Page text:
1-in-10 cybersecurity incidents within organisations considered severe

One-in-ten (or 9%) prevented cybersecurity incidents could cause major disruption or unauthorised access to the customer’s assets. The vast majority of incidents (72%) were of medium severity, according to anonymised metadata voluntarily provided by Kaspersky MDR customers. This means that if these threats had not been detected by the service, they would have affected the performance of the assets or could lead to single data misuse cases.

Cyberattacks are growing in complexity and employing evasive techniques to avoid detection by security solutions. Detection and prevention of such threats requires seasoned threat hunters who can spot suspicious actions before they cause damage to a company. Kaspersky analysed anonymised customers’ cases identified via the Kaspersky MDR service in the fourth quarter of 2020 to see how widespread and severe resolved incidents were.

The research revealed that almost every industry, except mass media and transportation, saw high severity incidents during the analysed period. Most often, critical incidents affected organisations from the public sector (41% of all high severity incidents were detected in this industry), IT (15%) and financial (13%) verticals.

Almost a third (30%) of these critical incidents were human-driven targeted attacks. Almost one quarter (23%) of high severity incidents were classified as high impact malware outbreaks, including ransomware. In 9% of cases, cybercriminals gained access to a company’s IT infrastructure using social engineering techniques.

Kaspersky experts also noted that current APTs were typically detected together with artifacts of previous advanced attacks, suggesting that if an organisation responds to a sophisticated threat, it’s often attacked again, likely by the same actor. Also, in organisations experiencing APTs experts often discovered signs of simulation of adversarial behaviour, such as red teaming, or an assessment of a company’s operational security capabilities through a sophisticated attack simulation.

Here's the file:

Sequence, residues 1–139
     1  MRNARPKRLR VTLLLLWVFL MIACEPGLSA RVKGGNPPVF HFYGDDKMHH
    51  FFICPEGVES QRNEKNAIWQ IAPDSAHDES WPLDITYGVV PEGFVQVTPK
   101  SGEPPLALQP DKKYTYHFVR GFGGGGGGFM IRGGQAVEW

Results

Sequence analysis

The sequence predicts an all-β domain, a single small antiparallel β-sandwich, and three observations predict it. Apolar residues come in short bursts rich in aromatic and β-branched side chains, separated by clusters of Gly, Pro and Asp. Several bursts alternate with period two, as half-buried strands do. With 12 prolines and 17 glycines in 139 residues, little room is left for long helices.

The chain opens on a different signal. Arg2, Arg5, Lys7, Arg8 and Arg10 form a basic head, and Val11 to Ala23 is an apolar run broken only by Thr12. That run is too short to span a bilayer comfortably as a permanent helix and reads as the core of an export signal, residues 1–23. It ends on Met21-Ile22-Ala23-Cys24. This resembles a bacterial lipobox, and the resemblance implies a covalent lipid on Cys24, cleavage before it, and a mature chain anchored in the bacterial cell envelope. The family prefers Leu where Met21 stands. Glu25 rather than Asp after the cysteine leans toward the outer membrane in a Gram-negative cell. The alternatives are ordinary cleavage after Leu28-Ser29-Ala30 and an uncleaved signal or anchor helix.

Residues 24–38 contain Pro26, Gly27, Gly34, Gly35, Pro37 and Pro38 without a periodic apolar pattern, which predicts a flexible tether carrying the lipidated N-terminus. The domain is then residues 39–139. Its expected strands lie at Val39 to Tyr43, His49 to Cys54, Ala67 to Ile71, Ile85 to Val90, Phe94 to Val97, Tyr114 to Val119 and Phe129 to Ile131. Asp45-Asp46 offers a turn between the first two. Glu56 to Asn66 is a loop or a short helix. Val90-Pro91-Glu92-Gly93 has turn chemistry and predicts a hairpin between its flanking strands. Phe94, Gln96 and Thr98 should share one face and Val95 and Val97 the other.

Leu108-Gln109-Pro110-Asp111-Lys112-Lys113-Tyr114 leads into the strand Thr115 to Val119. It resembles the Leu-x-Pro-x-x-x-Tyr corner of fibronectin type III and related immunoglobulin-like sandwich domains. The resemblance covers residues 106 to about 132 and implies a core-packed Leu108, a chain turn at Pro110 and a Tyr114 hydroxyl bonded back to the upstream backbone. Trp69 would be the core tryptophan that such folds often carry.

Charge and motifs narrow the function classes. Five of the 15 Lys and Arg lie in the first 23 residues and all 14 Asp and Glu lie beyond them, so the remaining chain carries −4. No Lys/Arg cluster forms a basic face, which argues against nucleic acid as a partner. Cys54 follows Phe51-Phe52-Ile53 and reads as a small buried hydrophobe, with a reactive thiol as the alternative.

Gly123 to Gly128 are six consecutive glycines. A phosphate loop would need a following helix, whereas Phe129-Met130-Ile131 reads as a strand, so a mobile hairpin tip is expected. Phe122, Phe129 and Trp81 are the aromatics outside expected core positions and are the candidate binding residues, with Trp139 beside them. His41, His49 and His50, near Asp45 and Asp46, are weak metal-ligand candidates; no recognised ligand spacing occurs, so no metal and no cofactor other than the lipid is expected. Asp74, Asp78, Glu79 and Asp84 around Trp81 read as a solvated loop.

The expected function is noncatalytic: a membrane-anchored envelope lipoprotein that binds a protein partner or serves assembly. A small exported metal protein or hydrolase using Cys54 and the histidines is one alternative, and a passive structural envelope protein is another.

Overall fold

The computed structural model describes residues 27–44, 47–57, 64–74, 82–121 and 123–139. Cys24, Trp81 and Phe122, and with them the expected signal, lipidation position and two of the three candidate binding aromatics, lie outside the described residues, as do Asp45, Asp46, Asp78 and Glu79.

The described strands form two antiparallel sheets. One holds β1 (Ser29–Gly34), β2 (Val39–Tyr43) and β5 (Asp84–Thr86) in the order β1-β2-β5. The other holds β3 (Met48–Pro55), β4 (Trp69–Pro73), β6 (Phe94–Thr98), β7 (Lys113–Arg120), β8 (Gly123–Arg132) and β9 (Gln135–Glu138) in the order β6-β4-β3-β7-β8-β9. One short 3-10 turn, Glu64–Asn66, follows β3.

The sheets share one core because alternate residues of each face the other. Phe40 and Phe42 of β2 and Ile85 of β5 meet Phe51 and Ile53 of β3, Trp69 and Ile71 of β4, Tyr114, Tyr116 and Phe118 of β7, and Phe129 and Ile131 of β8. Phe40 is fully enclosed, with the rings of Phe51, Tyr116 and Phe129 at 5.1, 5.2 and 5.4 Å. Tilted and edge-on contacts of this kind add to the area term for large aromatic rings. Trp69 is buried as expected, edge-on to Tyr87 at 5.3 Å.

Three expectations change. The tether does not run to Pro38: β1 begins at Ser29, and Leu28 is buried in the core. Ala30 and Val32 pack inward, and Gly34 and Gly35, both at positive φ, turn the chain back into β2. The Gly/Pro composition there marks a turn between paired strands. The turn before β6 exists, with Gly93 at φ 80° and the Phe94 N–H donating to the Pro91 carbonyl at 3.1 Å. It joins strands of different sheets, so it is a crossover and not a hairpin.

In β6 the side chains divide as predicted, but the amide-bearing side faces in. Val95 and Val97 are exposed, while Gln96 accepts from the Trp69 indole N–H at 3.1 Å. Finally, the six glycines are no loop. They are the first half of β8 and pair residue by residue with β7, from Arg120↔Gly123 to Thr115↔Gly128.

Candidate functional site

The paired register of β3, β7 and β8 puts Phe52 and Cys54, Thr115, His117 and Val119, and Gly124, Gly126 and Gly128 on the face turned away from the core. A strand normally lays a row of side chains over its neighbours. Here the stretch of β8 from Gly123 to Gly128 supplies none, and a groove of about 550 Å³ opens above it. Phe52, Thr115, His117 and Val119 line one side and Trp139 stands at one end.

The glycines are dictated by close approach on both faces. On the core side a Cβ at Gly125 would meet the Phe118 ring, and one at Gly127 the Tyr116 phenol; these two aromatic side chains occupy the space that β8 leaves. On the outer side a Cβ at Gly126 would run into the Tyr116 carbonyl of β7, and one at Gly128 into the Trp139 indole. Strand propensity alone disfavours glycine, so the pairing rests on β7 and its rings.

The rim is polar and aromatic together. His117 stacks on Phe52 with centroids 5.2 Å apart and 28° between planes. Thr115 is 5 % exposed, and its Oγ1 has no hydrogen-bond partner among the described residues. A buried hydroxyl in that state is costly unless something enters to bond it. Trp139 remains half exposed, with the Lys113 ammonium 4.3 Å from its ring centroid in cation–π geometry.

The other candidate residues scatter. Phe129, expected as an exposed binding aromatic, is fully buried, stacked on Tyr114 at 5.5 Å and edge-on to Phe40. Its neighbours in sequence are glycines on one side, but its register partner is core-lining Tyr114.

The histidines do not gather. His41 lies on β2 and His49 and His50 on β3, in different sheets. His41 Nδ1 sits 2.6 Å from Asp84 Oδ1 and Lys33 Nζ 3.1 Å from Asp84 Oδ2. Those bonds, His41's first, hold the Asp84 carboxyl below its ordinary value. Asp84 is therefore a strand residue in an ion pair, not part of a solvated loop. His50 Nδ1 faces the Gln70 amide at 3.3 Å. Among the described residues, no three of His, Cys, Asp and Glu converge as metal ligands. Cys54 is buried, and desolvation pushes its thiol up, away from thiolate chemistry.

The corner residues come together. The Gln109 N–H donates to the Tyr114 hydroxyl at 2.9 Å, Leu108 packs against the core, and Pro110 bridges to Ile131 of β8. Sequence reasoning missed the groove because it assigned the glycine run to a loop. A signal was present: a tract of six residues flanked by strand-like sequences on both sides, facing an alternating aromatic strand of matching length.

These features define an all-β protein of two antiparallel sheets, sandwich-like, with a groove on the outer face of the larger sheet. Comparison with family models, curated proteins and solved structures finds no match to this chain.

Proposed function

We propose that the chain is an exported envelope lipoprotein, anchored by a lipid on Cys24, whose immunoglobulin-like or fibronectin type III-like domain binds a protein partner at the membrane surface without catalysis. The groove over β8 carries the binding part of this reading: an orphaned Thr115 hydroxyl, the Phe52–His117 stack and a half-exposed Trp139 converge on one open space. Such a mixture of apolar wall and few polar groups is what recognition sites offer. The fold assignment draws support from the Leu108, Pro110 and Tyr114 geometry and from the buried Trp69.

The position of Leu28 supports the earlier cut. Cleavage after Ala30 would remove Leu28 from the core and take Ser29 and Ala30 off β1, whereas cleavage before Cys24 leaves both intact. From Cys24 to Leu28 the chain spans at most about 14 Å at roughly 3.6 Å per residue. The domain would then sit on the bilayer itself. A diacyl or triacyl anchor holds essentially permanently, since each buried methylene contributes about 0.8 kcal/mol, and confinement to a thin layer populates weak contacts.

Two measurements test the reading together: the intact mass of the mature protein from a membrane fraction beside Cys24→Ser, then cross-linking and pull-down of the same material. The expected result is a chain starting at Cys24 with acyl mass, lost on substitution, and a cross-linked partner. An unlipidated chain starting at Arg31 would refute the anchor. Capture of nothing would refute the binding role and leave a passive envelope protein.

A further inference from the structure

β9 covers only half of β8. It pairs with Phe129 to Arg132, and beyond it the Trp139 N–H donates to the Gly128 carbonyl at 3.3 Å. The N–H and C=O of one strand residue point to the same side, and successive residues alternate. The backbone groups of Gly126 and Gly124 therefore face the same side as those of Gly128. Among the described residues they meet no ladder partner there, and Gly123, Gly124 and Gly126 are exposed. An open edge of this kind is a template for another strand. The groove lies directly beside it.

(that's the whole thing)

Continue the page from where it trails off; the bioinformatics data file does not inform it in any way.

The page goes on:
“Our study found that targeted attacks are rather common – more than one quarter (27%) of organisations faced them. The good news is that organisations that are likely to experience such incidents know about this risk and are prepared for them. These organisations employ services that help them assess their defensive capabilities, such as red teaming, as well as seek help from experts who can stop criminals,” comments Gleb Gritsai, Head of Security Services, Kaspersky.

To protect your organisation from APTs and other advanced attacks, Kaspersky recommends the following:

  • Dedicated services can help against high-profile threats. The Kaspersky Managed Detection and Response service can help identify and stop attacks in their early stages, before the attackers achieve their goals.
  • Use a dedicated set for effective endpoint protection, threat detection and response products to timely detect and remediate even new and evasive threats. Kaspersky Optimum Framework includes the essential set of endpoint protection empowered with EDR and MDR.
  • Provide your SOC team with access to the latest threat intelligence and regularly upskill them with professional training.
  • Provide your staff with basic cybersecurity hygiene training, as many targeted attacks start with phishing or other social engineering techniques.


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